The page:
They find Trelane, a humanoid with tremendous psionic powers and a passion for Earth's 18th-century military history. It is he, they discover, who impulsively kidnapped Kirk and Sulu, wanting to add them to his arena of the Napoleonic era that he has created on this planet, Gothos.


While Trelane has great powers, he has little self-control and is spoiled, willful and impetuous. When McCoy and Jaeger appear, Trelane invites them all to join him at his party.


Spock manages to beam them aboard the U.S.S. Enterprise, but Trelane, determined to have his way in all matters, transports the entire bridge crew to Gothos for a banquet. Kirk challenges Trelane to a duel and in the process, destroys the device the alien uses to create his illusions. However, Trelane repairs it and prevents the U.S.S. Enterprise from leaving orbit until he can punish Kirk for his rash actions.


In exchange for freedom for the U.S.S. Enterprise and her crew, Kirk offers himself as the prey in a "fox hunt." Suddenly, as Trelane is about to kill the Captain, two noncorporeal beings appear. They explain to Kirk that they are Trelane's parents, and apologize for letting their child play such dangerous games. They then scold the errant child for his selfish behavior and temper tantrums. They inform Trelane that he will not be allowed to have another planet to play with until he learns how to treat other beings with respect.


Source:  http://www.startrek.com/startrek/view/series/TOS/episode/68696.html


 


...ASK

ASK

"The best thing you can do for the world is make the most of yourself." -- Wallace D. Wattles

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6 years ago  ::  Jan 23, 2008 - 1:44PM #8
ashavahista
Posts: 837
I remember that episode from a long time ago. As I recall I thought it was one of the better episodes.
Reuben
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6 years ago  ::  Jan 23, 2008 - 7:14PM #9
phototransformations
Posts: 3

Although I have been profoundly affected, as has Serenity4me, by what is more classically viewed as art, I confess that the Star Trek comment ask.seek.knock found in my profile is also true. I'm not a true trekkie -- I've only been to one conference, and that was a combined Dr. Who / Star Trek conference -- but the various Star Trek series have influenced me in significant ways. In the original series, the Arena episode, in which Kirk and a lizard-like alien captain are pitted against each other in a fight to the death by highly evolved aliens, changed the way I think about our more savage (lizard brain?) side and how we manage to contain these impulses one day at a time.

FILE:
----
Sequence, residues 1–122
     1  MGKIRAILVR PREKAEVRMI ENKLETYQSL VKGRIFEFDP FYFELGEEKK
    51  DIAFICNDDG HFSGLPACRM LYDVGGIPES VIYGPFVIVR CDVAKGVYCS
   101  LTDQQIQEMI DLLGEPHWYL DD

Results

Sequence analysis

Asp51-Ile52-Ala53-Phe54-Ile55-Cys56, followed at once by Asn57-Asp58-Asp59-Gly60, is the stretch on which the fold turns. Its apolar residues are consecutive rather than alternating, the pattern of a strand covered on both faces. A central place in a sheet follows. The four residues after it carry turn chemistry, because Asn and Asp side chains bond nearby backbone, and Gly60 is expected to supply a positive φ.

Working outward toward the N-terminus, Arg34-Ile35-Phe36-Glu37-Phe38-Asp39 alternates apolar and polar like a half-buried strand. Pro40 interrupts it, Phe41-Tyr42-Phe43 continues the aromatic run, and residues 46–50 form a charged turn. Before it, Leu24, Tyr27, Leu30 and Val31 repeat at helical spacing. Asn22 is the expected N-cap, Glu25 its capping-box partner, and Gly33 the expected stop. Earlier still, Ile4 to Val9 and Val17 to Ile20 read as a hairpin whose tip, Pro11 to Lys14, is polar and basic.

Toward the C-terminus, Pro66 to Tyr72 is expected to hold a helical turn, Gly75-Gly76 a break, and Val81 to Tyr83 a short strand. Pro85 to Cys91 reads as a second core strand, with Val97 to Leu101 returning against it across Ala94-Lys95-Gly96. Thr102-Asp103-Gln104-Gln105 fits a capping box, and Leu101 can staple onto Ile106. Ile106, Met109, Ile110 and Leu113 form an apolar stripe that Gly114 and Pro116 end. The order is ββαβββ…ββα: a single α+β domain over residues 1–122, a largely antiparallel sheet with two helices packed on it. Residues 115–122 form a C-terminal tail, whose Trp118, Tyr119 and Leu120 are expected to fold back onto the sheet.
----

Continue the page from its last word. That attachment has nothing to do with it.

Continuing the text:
Other episodes that have profoundly moved me include Requiem for Methuselah, The Empath, The Omega Glory, Obsession, The City on the Edge of Forever, and Miri. Many of the Next Generation and a few of the Voyager and Deep Space Nine episodes also have changed my perceptions for the better, as have some of the original Twilight Zone series. At its best, I think science fiction can have a deeply spiritual component, and can tell us about ourselves in metaphorical ways not unlike those found in folktales and myths. Sticking with Star Trek for a few more moments, Piccard's dealings with the Borg and both Data's and the hologram doctor's struggle to become human come to mind as pop culture ways to explore what is the subject of much philosophical and spiritual investigation.

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6 years ago  ::  Jan 23, 2008 - 10:19PM #10
ashavahista
Posts: 837

I have to confess that I too have watched alot of Star Trek along with other TV science fiction. With all the heavy studying that I do, I find it to be a great escape. Sci Fi when it is done well is both imaginative and transformative. Among the originals my favorite was /'Balance of Terror', were Kirk has to face a mysterious enemy, the Romulans. I found that it had a strong sense of suspense, as Kirk attempted to outwit the Romulans.  Spocks similarity to the Vulcans also played an interesting test of patriotism and prejudice. It was relevant to when Nissai were trated as potential Japanese supporters during WW II.


The one show that moved me was Babylon 5. It was a show which touched on politics and patriotism, spirituallity  vs fanaticism. There was also a sense of mystery when it came to the older races.It was a timely show.

Reuben